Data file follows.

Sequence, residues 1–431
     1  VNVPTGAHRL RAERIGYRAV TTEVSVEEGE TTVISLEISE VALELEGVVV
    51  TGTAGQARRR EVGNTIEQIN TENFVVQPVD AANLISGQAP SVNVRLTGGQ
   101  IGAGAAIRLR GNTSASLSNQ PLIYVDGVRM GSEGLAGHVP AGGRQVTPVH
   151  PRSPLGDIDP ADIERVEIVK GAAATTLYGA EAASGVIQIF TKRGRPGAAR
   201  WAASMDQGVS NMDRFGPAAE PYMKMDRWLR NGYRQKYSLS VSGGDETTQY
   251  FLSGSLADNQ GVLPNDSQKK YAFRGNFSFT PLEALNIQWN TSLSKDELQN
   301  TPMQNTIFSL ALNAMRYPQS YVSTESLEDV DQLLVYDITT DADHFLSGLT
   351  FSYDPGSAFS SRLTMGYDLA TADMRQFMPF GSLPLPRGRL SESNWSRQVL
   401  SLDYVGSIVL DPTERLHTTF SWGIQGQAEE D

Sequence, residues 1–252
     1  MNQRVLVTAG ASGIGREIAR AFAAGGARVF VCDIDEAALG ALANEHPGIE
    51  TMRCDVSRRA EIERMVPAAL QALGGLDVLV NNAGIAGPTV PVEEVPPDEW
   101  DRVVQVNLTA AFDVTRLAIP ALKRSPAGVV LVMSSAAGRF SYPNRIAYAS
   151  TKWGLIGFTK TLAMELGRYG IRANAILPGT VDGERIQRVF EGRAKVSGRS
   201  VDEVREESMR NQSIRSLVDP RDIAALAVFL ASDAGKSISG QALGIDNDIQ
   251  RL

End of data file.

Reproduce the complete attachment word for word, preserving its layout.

Sequence, residues 1–431
     1  VNVPTGAHRL RAERIGYRAV TTEVSVEEGE TTVISLEISE VALELEGVVV
    51  TGTAGQARRR EVGNTIEQIN TENFVVQPVD AANLISGQAP SVNVRLTGGQ
   101  IGAGAAIRLR GNTSASLSNQ PLIYVDGVRM GSEGLAGHVP AGGRQVTPVH
   151  PRSPLGDIDP ADIERVEIVK GAAATTLYGA EAASGVIQIF TKRGRPGAAR
   201  WAASMDQGVS NMDRFGPAAE PYMKMDRWLR NGYRQKYSLS VSGGDETTQY
   251  FLSGSLADNQ GVLPNDSQKK YAFRGNFSFT PLEALNIQWN TSLSKDELQN
   301  TPMQNTIFSL ALNAMRYPQS YVSTESLEDV DQLLVYDITT DADHFLSGLT
   351  FSYDPGSAFS SRLTMGYDLA TADMRQFMPF GSLPLPRGRL SESNWSRQVL
   401  SLDYVGSIVL DPTERLHTTF SWGIQGQAEE D

Sequence, residues 1–252
     1  MNQRVLVTAG ASGIGREIAR AFAAGGARVF VCDIDEAALG ALANEHPGIE
    51  TMRCDVSRRA EIERMVPAAL QALGGLDVLV NNAGIAGPTV PVEEVPPDEW
   101  DRVVQVNLTA AFDVTRLAIP ALKRSPAGVV LVMSSAAGRF SYPNRIAYAS
   151  TKWGLIGFTK TLAMELGRYG IRANAILPGT VDGERIQRVF EGRAKVSGRS
   201  VDEVREESMR NQSIRSLVDP RDIAALAVFL ASDAGKSISG QALGIDNDIQ
   251  RL